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article imageOp-Ed: Christy Clark not endangering Canada, but getting BC's fair share

By Marcus Hondro     Jul 28, 2012 in Politics
Vancouver - With the doomsday bleatings from Alberta and Ottawa you'd think Christy Clark had taken Confederation documents and shoved them down an oil pipeline. She hasn't. Her insistence B.C. get a of share of oil royalties is just an exercise in the status quo.
Oil rich Alberta is accustomed to getting its way when it comes to their natural resources and Confederation serves that province well. There are borders and within hers Alberta has oil. Good for Alberta, getting rich while other provinces, like Newfoundland and Quebec, suffer from a lack of resources and are forever dealing with faltering economies.
Canada: Oil highlights division
But let us acknowledge that such a manner of operating speaks of a Confederation in which the luck of the resources draw is something that sees some win, others lose. It speaks of a country that doesn't say 'this belongs to all of us, we must all benefit enough to make us all prosper' but rather one that says that 'in the final analysis, each of you are on your own'. The yearly income disparity between a Newfoundlander and an Albertan illustrates the point, with the average Newfoundlander earning some $21,000 less per year than the average oil-rich Albertan.
Under such a context the scenario is simple: if you want to benefit from our land, our port, we get to benefit, too. If you want the Enbridge Northern Gateway pipeline to cross the width of our province, a pipeline that would round the clock pump bitumen, an extremely heavy crude oil that would create even more than the usual disaster should a spill occur, then you will have to move over and make a space for us at the bargaining table.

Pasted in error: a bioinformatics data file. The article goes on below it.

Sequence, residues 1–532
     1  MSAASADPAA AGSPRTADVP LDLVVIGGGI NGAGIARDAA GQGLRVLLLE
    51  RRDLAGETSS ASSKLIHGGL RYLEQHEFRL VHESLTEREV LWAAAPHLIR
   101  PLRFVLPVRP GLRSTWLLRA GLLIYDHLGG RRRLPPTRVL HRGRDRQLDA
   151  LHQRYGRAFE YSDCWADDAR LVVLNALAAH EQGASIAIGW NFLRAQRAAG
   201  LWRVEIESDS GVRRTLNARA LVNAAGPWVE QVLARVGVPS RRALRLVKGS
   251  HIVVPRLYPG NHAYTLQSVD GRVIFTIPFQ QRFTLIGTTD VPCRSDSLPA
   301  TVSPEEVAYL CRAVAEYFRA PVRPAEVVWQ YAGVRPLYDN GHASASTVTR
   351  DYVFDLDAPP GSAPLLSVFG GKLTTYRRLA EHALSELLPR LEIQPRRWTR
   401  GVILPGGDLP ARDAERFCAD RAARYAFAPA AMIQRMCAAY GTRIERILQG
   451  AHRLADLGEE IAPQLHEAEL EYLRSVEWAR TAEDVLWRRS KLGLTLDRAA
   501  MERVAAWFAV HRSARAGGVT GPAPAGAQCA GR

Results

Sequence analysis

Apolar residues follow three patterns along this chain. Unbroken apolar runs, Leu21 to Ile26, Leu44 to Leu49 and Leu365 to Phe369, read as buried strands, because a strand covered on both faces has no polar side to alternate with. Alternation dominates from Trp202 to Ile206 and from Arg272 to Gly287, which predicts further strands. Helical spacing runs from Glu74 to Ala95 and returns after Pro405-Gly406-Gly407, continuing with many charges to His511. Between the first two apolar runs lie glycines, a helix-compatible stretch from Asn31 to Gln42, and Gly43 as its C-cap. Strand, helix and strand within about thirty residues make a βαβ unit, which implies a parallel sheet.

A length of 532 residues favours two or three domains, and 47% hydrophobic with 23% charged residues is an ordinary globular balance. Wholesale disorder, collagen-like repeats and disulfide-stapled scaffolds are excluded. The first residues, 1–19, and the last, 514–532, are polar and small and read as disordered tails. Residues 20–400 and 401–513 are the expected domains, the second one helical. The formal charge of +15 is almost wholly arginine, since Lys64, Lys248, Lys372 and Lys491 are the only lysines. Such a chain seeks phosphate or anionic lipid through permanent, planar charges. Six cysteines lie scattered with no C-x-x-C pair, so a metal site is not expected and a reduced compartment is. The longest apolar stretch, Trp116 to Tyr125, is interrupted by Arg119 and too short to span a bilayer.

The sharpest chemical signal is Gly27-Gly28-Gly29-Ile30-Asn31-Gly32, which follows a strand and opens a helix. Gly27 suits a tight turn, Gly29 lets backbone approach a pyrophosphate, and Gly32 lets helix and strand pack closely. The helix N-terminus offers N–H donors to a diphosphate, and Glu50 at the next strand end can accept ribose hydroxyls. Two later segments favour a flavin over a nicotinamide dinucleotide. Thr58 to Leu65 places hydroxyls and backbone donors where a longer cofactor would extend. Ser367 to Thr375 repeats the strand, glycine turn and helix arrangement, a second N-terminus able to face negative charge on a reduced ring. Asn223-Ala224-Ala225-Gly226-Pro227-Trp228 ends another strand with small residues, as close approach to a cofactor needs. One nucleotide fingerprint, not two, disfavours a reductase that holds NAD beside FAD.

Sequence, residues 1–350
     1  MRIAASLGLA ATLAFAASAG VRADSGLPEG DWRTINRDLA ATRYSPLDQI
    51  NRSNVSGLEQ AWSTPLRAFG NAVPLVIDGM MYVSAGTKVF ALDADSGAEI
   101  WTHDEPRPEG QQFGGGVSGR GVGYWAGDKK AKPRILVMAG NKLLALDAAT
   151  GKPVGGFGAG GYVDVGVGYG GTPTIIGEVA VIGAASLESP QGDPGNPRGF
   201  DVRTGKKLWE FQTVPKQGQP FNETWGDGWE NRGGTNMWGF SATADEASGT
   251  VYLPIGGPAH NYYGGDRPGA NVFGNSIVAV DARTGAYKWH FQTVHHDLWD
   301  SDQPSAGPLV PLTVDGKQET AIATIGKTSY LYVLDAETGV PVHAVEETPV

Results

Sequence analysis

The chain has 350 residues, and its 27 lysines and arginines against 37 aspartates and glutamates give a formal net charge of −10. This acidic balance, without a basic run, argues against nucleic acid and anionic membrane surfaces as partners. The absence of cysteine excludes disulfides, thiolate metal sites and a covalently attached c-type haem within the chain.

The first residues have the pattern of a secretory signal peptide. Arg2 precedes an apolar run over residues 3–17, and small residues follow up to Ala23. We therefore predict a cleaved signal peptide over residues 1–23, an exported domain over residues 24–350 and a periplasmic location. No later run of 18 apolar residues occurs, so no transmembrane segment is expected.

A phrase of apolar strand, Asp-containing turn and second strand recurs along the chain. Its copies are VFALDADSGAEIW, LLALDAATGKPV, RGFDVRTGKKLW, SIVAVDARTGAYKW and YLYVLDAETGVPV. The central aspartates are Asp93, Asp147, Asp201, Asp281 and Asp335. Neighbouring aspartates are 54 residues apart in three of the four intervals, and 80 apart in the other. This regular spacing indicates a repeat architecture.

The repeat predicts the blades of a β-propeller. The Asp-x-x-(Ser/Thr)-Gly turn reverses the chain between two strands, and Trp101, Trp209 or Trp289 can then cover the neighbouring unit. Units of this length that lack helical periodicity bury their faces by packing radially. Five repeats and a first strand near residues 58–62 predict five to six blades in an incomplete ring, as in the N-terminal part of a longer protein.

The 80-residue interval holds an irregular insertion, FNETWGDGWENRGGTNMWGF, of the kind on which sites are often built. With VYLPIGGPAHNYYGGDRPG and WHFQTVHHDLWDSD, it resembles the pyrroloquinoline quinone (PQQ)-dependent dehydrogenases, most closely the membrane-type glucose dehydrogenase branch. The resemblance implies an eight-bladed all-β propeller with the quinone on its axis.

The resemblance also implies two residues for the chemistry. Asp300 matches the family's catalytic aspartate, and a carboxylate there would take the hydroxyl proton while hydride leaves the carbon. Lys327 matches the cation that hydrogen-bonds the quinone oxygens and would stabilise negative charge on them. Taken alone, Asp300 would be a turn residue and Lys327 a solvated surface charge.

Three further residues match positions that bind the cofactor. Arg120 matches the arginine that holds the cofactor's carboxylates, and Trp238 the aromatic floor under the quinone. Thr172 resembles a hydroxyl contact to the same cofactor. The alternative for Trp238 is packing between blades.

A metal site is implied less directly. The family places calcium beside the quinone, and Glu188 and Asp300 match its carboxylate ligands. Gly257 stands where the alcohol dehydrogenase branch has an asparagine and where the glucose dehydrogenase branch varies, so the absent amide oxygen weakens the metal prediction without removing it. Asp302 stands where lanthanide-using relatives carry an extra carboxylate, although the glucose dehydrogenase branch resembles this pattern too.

There has been a glut of overreaction to the stance of Clark and her Liberal government. Here's a headline from the National Post: 'For Canada’s sake, Alberta must refuse Christy Clark’s pipeline demand.' Also from the Post we've had the cloying intellect of Andrew Coyne, who laid out what B.C. will get should a spill occur (it's about a partnership, not just dealing with disaster). From the CBC we've had the sentimental slosh of Rex Murphy, who whined that Clark seems distant, as if she's not speaking to a fellow province but some other, unconnected entity.
What the premier of B.C. is dong is simply laying down boundaries, ones she has been forced to set because Alberta is refusing to acknowledge a request for fairness, and any notion that she's destroying Canada, or even setting a new agenda, is nonsense. For all intents and purposes the country has always operated this way.
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Premier Clarke's stance, and her walking out of the national energy strategy negotiations, saying that the pipeline issue needs to be resolved before B.C. can partake in energy talks, is a popular one with British Colombians. Even from here in B.C. we can see how the game has historically been played in our country and we're glad to have a Premier who has finally joined the fray.
So the Alberta premier would be ill-advised to continue repeating her mantra that royalties for this venture belong to Alberta and to Alberta alone. Given that we're looking at a country that rewards the haves and largely ignores the have-nots, that's not how we see it. We see it like this: we've got a port and no oil, Alberta has oil and no port. So let's make a deal.
But don't take my word for it, let's have Christy Clark have the final say: "Alberta has to be willing to sit at the table with British Columbia and talk about how we're going to share the benefits of this project for our province."
Period and, whether Alberta or Ottawa, or anyone else, likes it - full stop.
This opinion article was written by an independent writer. The opinions and views expressed herein are those of the author and are not necessarily intended to reflect those of
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